New Music – Grizzly Bear, Broken Social Scene

First of all, I’ve been suffering from tonsilitis the last few days so I’ve been quiet.

The gradual release of decent-quality MP3’s from Grizzly Bear’s Veckitisawhatsitagain? continues, with “Cheerleader”, previously heard live, making its way out onto the big wide Interwebz. The live version, as you would expect, was rough and lacking their expert use of the studio, but certainly sounded promising.

Now, bizarrely, I got hold of this last week and thought it was fab. And thought I’d uploaded it here. But I hadn’t. Doh!

The word on the street is that it’s actually one of the weaker tunes from Veckatiswheresmyspellchecker. If that’s the case, then we’ve got rather a lot to look forward to when the album is released on May 26th. (Don’t you go and download the leaked version, as it’s pretty poor quality and you’ll miss out on all the detail. When I get the CD it’ll be ripped at about 14,000kbs, you know, and will take up half my iPod. And I’ve got a biiiig iPod)

“Cheerleader” is certainly a bit more relaxed and less ominous than tracks from Yellow House, it fair floats along in a rather dreamy way, with guitars cutting through Ed Droste’s beautiful singing, and yes, a children’s choir. A five minute slice of loveliness and I think, yes, I’ve got to mark it with my famed1 Sonic Cathedrals of Sound tag.

An album that passed me by last year, thanks to a continually changing UK release date that baffled the lovely folk at Rough Trade as much as me, was Brendan Canning’s “solo” album with Broken Social Scene. The founder of Broken Social Scene who’s not Kevin Drew, he’s the chap who looks a bit like a physics teacher who someone has put a bass on him and told him to be funky2. Lovely fella, having had all of a thirty second conversation with him and Kevin after their Shepherd’s Bush show last year. Anyway, I stumbled across their video for “Churches Under The Stairs” the other day, and rather fine it is too:

The band, who at their smallest number about 16 (ok, 8), do a Soundclash-style face off, Drew vs Canning. The song itself is almost Type-A BSS, with that wonderful motorik/New Order groove and great little drum rolls, fills and pauses that make your heart stop for an instant before suddenly throwing you forward again. Great interplay between Canning and Drew as well, as you’d expect.

Is it just me that prays every night to an uncaring God, to get all the top people in BSS together – you know, Feist, Amy Millan, Jason Collett, Emily Haines
3 – to make another album as good as “You Forgot It In People”? Yeah, I know, it’ll never happen.

1 Round here, at least.

2 The bassline of “Stars and Sons” was his work, and quite frankly is possibly the funkiest bassline in indie music since “Barbarism Begins At Home”:

3 Speaking of which, the new Metric album rocks.

Cheerleader by Grizzly Bear

Churches Under The Stairs by Broken Social Scene Featuring Brendan Canning

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More New Old Stuff – Wye Oak, Grizzly Bear

In my typical fashion, I heard some great new music the other day, only to discover that they had been around for ages. That’s what you get round here, year old news. Ah well.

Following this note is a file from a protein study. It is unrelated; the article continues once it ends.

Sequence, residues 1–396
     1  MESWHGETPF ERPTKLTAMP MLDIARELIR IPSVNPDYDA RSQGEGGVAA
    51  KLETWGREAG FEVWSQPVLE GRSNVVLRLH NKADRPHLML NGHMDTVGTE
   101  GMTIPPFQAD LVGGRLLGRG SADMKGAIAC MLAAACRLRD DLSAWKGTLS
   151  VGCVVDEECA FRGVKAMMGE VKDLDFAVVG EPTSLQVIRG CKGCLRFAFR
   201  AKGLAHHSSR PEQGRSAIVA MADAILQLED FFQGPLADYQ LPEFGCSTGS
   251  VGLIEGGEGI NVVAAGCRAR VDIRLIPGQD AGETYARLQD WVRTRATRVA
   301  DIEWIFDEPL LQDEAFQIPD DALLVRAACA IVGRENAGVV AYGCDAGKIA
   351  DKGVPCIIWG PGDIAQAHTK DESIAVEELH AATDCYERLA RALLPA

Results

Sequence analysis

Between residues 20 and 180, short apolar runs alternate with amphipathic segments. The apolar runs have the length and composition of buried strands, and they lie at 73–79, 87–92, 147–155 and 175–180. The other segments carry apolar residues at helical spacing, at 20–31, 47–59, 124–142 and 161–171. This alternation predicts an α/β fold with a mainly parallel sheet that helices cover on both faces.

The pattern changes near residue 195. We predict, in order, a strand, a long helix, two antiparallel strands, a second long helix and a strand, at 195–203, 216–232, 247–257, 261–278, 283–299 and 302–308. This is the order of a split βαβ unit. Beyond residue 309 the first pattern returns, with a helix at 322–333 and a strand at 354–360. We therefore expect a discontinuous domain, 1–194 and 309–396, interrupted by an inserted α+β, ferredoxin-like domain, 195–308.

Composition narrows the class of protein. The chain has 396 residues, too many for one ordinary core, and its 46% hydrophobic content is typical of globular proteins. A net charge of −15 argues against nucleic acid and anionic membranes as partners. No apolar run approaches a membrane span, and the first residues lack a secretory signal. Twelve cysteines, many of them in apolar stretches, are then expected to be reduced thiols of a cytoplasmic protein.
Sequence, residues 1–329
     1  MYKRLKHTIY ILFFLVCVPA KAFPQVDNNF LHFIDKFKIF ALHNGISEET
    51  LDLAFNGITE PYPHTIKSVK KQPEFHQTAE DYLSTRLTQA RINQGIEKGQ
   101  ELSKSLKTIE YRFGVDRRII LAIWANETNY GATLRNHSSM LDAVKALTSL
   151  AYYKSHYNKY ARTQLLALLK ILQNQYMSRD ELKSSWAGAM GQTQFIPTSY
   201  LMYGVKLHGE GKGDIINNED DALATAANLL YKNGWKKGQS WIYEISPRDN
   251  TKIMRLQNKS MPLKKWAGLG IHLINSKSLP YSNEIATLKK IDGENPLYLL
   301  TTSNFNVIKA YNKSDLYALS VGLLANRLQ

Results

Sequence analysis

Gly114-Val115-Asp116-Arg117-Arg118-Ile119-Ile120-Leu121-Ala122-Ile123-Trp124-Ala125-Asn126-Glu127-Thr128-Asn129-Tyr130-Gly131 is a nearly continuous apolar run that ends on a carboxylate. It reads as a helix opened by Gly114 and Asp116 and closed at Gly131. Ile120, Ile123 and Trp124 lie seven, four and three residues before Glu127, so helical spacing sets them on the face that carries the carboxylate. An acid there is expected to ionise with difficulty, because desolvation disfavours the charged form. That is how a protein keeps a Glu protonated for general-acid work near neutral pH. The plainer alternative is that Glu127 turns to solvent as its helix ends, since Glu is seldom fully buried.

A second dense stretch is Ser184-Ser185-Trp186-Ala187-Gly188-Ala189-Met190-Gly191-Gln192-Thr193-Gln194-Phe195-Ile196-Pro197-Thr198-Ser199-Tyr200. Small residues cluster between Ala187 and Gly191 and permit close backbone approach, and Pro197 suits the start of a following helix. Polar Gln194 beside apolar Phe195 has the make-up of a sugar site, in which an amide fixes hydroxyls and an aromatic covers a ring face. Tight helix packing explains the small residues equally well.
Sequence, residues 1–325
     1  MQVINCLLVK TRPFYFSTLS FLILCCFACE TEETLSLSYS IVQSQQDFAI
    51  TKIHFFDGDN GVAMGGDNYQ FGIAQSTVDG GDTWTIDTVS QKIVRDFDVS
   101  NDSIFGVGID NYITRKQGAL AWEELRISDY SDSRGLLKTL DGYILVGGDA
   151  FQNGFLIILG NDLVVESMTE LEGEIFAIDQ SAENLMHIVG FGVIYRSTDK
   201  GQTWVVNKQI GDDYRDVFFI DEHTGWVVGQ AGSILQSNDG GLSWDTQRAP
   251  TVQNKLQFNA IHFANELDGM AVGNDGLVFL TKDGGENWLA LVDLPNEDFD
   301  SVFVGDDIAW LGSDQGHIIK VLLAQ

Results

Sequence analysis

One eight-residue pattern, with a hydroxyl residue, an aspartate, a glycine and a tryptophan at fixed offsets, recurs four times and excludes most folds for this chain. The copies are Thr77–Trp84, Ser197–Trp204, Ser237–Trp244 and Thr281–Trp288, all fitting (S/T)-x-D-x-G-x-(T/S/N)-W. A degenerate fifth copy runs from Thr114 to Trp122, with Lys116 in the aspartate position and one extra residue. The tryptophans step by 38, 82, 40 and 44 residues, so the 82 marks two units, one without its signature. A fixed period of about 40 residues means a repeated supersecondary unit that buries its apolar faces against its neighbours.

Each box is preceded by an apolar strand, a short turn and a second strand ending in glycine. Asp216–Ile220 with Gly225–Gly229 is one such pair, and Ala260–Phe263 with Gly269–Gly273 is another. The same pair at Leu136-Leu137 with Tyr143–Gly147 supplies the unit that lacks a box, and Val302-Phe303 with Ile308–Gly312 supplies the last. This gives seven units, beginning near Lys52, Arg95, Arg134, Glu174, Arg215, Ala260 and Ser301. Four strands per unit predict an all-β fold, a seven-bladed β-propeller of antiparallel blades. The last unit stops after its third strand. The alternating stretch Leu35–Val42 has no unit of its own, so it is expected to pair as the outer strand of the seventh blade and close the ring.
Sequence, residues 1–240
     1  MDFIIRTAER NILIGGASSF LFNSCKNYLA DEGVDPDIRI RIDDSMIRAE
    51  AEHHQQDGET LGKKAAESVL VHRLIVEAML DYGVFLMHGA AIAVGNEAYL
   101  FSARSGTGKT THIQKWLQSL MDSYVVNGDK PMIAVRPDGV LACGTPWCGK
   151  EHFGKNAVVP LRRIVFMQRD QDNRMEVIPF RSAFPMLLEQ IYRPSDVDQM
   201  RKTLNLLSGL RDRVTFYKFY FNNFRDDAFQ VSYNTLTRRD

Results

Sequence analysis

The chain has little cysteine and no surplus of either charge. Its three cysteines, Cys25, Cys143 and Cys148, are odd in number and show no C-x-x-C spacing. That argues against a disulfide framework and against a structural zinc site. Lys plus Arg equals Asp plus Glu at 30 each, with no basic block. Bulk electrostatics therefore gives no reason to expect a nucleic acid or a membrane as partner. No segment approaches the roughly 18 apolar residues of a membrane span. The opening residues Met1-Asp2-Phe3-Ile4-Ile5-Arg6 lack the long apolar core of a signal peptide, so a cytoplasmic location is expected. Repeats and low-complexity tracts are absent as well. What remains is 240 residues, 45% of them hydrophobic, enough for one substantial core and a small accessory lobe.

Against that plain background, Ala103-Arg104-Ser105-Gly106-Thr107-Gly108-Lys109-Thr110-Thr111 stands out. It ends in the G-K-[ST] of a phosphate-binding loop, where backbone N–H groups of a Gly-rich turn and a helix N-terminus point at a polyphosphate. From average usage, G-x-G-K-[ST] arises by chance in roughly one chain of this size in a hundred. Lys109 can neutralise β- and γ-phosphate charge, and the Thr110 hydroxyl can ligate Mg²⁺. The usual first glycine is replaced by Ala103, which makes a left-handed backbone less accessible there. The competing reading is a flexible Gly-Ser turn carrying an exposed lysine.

Anyway, the two bands I was listening to were Monarch and Wye Oak. Both deal in that dreamy late-80’s, early-90’s British vibe, as perfected by My Bloody Valentine, Lush etc. And sounded oddly similar. Including having the same album title and a couple of tracks the same. So, with a bit more research, and finding a bunch of bands called “Monarch”, I managed to discover from here that Monarch had had the same problem, so renamed themselves to Wye Oak.

And what a lovely name it is, too, being the state tree of Maryland. I love that US thing of having state trees, state animals, and state moods (New Jersey: Angry, Idaho: Gloomy, California: Smug). You could never do that in the UK. The state tree of most of the north would be a “That shrubby bush that some kids have tried to set fire to”.

Anyway, Wye Oak. They are a couple from Baltimore, who sound about as far from the city of The Wire than you could imagine. A bit dreamy, a bit noisy, and really quite good.

In other news, I’ve heard that Veckatimoomoo by Grizzly Bear has been leaked. I am not going to post it as I’ve already had my ass busted once, thank you, and it just doesn’t seem the right thing to do to such a lovely band. Please pre-order it. Though if the band do release any more songs from the record I shall be sure to post it here, hopefully within a month or two. Cough.

Warning by Wye Oak

If Children Were Wishes by Wye Oak

A New Bit Of Grizzly Bear And Other Fierce Animals

So, new chunks of Veckitamitsawhoozle keep creeping out, this time a lovely new track by the name “While You Wait For The Others”. According to some sources it’s the new single, others state it’s just another track on tha ablum, but who really takes much notice of singles these days anyway? Ooh, back in my day, 7″, shall I spend the extra on the 12″ with the extra tracks, jumpers for goalposts etc. In any case, it’s got a touch of the “Little Brother (Electric)” from the “Friends EP”, which frankly is absolutely fine by me. Certainly bodes well for the album, out in May, and is hugely anticipated. Oh yes, I’m going to be posting more stuff as I get it (ok, I know this came out last week but I’ve been busy).